2010-11 finish: (18-13, 7-11), 8th place
7. Illinois – Illinois never lived up to expectations with Demetri McCamey, Mike Davis and Mike Tisdale leading the way, so maybe Bruce Weber can work some magic with his revamped roster. Inconsistent, but talented, juniors Brandon Paul and D.J. Richardson should lead the Illini, but the key to Illinois’ season could be sophomore Meyers Leonard’s maturation. Leonard’s ceiling is limitless, however he did not live up to expectations as a freshman.
2010-11 finish: (19-13, 9-9), T-4th place
8. Indiana – The Hoosiers still need to learn how to win and close out games, but the potential for a breakout season is there. Christian Watford is as underrated as any player in the Big Ten, Jordan Hulls has one of the deadliest strokes, Verdell Jones is a forgotten man, it seems, and Victor Oladipo and Will Sheehey ooze athleticism. And for the first time since D.J. White left, Indiana boasts a big man in highly prized freshman Cody Zeller.
2010-11 finish: (12-20, 3-15), 11th place
9. Minnesota – No team struggled more down the stretch a season ago than Tubby Smith’s Gophers, and now they have to make up for the losses of leading scorer Blake Hoffarber (graduation) and Colton Iverson (transfer). The good news: Double-double machine Trevor Mbakwe is back. Oh, and Rodney Williams is another year older, so there’s always the hope that he can turn all that athleticism into something special.
2010-11 finish: (17-14, 6-12), 9th place
10. Iowa – For a change, the Hawkeyes return nearly every key player from the previous season. Jarryd Cole the lone exception, Iowa welcomes back six of its top seven scorers from last season, including leading scorer Matt Gatens (12.6). Iowa also returns its rebounding leader (Melshan Basabe, 6.8 rpg), assists leader (Bryce Cartwright, 5.9 apg), blocks leader (Basabe, 1.3 bpg) and steals leader (Gatens, 1.3 spg).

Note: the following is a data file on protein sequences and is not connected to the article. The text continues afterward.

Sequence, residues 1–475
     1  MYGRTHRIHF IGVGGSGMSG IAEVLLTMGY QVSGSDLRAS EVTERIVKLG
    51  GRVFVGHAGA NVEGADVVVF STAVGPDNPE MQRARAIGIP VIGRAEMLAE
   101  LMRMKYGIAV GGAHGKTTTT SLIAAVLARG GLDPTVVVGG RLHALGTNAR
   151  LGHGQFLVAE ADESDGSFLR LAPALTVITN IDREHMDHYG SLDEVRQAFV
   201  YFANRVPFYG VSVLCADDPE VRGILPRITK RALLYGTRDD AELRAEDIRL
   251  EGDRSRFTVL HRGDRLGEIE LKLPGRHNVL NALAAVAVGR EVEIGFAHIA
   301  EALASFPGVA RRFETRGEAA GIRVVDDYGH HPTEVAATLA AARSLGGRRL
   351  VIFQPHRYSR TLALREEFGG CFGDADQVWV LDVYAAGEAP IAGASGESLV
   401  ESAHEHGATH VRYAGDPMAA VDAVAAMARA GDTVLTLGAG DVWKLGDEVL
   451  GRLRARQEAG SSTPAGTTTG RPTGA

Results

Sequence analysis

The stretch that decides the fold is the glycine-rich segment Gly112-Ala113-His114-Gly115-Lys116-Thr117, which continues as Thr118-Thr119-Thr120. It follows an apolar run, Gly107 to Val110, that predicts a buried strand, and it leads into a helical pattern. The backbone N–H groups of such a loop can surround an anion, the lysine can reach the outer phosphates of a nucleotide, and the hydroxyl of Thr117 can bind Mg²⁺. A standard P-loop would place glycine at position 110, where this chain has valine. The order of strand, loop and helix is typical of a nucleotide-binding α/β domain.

2010-11 finish: (11-20, 4-14), 10th place
11. Nebraska – Doc Sadler’s team surprised in its final Big 12 season – it upset then-No. 3 Texas and then-No. 13 Texas A&M – but it lost all-around star Lance Jeter, last year’s leader in scoring (11.7 ppg), assists (4.5 apg) and steals (1.8 spg). On top of that, Nebraska, of course, will be playing its first season in the Big Ten. No conference has easy road wins, but the Big Ten features some of the nation’s toughest venues, which these Huskers will be visiting for the first time.
2010-11 finish: (19-12, 7-9), T-7th place *Big 12
12. Penn State – Pat Chambers inherits a totally different team than the one that made a surprising NCAA tourney run last season. Gone is superstar Talor Battle and sidekicks Jeff Brooks, one of the Big Ten’s most improved players a season ago, Andrew Jones and David Jackson. Add it all up, and the Nittany Lions lose 77 percent of their scoring (1,652 of 2,144 points) with those four departures. Tim Frazier is a star in the making, but he’ll need to get a lot of help.
2010-11 finish: (19-14, 9-9), T-4th place